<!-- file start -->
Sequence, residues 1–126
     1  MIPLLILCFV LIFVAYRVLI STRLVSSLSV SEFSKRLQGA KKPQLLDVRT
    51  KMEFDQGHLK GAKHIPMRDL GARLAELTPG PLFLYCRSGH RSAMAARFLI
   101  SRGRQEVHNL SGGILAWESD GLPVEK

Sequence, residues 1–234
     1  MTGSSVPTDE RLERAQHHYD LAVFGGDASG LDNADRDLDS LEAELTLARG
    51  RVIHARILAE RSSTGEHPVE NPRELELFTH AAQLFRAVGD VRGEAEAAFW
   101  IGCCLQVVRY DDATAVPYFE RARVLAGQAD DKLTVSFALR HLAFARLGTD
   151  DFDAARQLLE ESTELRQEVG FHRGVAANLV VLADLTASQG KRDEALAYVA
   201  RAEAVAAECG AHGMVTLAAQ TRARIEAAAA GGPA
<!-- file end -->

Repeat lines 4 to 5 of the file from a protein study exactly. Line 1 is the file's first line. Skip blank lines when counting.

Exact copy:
   101  SRGRQEVHNL SGGILAWESD GLPVEK

Sequence, residues 1–234